What is orf? It’s your body telling you to leave sheep the hell alone. Case in point: A 15-year-old boy contracted the viral zoonotic illness (meaning that it’s transmissible from animals to humans), likely after feeding sheep at his family farm in Conwy, a town in Wales.
— Daily Star (@dailystar) June 2, 2020
“He felt as if his hands and feet were on fire,” said Brychan Edwards’ mom. “It looked like he’d been burnt all over.”
Brychan was admitted for emergency care and spent four nights and five days in the hospital. Hospital staff reportedly struggled to pinpoint the cause of the boil-like welts that covered his body, eventually determining that it was orf—a viral illness that can be passed from sheep to humans. It may have given Edwards’ physicians a run for their money, but farmers are all too familiar with it. Humans infected with orf often develop red, raised skin lesions, like the ones seen above on Brychan’s hand.
Orf is a “virus with parallels to COVID-19,” multiple news outlets reported. Bats and pangolins have been suspected of being the novel coronavirus’s reservoir species—COVID-19 has even been referred to as “the revenge of the pangolin.” But clearly, leaving only exotic animals like bats and pangolins alone won’t prevent the spread of zoonotic viruses.
“Domesticated mammals—including cats and dogs, pigs and cattle, horses and sheep—host 50% of the viruses that can be passed to mankind, despite representing only 12 species,” CNN reported.
Orf is just one example of the many zoonotic diseases that can result from rearing sheep for wool or meat:
Like orf, rabies is a viral infection that can be passed from other mammals, including sheep, to humans. Although many associate rabies with bites, the deadly disease can be transmitted via direct contact with saliva, mucous membranes, or blood. Symptoms include headache, fever, hallucinations, hydrophobia (fear of water), and insomnia. Rabies in unvaccinated humans is almost always fatal.
A bacterial zoonotic disease, Q fever (aka “query fever”) is most related to ruminants, such as sheep and goats, and can be transmitted to anyone who has contact with animals infected with Q fever bacteria. Slaughterhouse workers and farmers who rear animals to send to slaughterhouses are among those most at risk of being exposed.
Inhaling dust that contains Q fever bacteria and touching milk from an animal infected with the disease are two of the ways it’s most commonly spread. However, multiple outbreaks of Q fever have occurred simply because infected sheep walked through town or wind carried contaminated matter off. Living close to a sheep farm could be enough to catch the disease. Flu-like symptoms are the most common indicators of Q fever, and the disease can cause stillbirth and miscarriage in pregnant women. Q fever can be deadly, and no vaccines for it are approved in the U.S.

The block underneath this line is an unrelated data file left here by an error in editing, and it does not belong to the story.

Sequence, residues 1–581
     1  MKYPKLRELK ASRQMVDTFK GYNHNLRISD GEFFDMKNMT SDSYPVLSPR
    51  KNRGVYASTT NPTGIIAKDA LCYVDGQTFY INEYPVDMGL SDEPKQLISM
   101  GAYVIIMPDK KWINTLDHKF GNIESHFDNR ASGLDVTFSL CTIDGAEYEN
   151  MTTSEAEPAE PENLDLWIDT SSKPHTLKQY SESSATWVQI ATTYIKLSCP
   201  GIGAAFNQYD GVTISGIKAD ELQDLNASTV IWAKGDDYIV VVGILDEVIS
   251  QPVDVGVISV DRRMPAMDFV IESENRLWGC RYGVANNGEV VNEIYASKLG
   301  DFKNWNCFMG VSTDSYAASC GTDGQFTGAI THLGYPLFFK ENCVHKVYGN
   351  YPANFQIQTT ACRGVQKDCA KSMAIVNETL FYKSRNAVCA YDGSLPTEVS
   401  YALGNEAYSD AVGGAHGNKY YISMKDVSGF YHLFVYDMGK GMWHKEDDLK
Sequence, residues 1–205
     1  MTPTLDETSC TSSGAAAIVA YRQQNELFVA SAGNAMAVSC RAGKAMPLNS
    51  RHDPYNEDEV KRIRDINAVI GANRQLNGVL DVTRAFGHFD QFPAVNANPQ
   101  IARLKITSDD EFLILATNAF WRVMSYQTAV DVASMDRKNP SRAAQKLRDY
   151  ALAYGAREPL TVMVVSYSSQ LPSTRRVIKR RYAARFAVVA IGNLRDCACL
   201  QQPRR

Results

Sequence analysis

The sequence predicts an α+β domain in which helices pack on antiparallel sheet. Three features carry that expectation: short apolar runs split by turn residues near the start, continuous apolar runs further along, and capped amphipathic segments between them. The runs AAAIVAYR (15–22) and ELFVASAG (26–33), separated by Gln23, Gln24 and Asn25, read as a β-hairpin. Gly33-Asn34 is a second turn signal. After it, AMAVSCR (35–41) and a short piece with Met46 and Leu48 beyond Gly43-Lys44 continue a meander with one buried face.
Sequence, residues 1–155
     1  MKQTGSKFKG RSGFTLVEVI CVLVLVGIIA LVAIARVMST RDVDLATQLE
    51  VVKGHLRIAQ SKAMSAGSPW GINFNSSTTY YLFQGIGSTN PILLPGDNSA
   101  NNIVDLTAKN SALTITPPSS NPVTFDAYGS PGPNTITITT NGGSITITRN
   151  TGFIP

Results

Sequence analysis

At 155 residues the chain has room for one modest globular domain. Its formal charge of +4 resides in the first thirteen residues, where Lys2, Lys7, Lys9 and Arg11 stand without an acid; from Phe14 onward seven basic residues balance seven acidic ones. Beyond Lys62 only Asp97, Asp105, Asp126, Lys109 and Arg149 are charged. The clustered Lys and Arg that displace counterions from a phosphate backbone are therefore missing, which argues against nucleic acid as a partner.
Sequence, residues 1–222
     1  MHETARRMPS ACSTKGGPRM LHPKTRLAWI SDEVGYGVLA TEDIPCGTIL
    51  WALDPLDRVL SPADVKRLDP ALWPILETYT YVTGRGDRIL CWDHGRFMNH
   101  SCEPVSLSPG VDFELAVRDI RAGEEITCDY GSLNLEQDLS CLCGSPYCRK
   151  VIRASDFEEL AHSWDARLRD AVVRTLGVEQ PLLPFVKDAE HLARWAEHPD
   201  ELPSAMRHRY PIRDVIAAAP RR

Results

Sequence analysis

Chlamydi-what? Ovine chlamydiosis is typically contracted by humans through direct contact with birthing tissue of infected animals. According to one report, “If infected, in most humans it leads to a mild flu-like disease, but in pregnant women it can cause a severe life-threatening disease in the mother and lead to stillbirth or miscarriage of the unborn child.”
Anthrax (aka “malignant edema” or “woolsorters’ disease”) affects those who touch contaminated animal-derived products like wool (e.g., the bacteria enters an open wound), inhale the spores of the bacteria, or eat infected meat. People who work in wool mills, slaughterhouses, and tanneries are among those most at risk—Bangladesh, China, India, and South Africa are the countries with the greatest number of people susceptible to the disease. Just like all types of anthrax, woolsorters’ disease is potentially fatal.
Many people who have dogs are cautiously aware of ringworm—but did you know that the fungal infection can be transmitted from sheep to humans, too? Anyone who has had direct contact with the spores on an infected animal can become infected. The spores can be on the infected animal’s wool or skin and can even be found on the brushes or clippers used to shear sheep. If infected with ringworm, humans may develop itchy, inflamed spots that appear red and scaly and will sometimes blister.
The zoonotic diseases mentioned above are only a few of the ones that can be passed from sheep to humans. Humans who have contact with sheep can also contract leptospirosis, campylobacteriosis, listeriosis, salmonellosis, tularemia, and Caseous lymphadenitis.
These sheep-associated zoonotic diseases make our wool exposés extra-disturbing.
We’ve released 13 exposés of more than 100 sheep operations across four continents, including North America, that have revealed that sheep are systemically beaten, kicked, punched, and mutilated in the wool industry. In 2018, one eyewitness who worked on a sheep farm in Victoria, Australia—the world’s top wool exporter—observed workers using shears to cut chunks of flesh off the hindquarters of lambs (i.e., baby sheep, who form deep bonds with their mothers), leaving them with exposed, bloody wounds that often become infected.
In light of the novel coronavirus crisis, we should all avoid wool for reasons beyond the important one of having compassion for sheep (who wag their tails when they’re happy, just like our canine best friends): If you buy wool, you could be fueling the next pandemic. Raising and killing sheep for sweaters, scarves, and meat can increase the risk of outbreaks of dangerous illnesses like the ones mentioned above—or even create an opportunity for new mutated viruses and bacteria to form and spread. The best way to help sheep and yourself is to refuse to buy wool.
Once you’ve clicked above and taken action, be sure to share this page with your friends and family on social media. Let them know that wearing wool—like wearing fur, leather, down, exotic skins, and every other animal-derived material—is cruel and dangerous.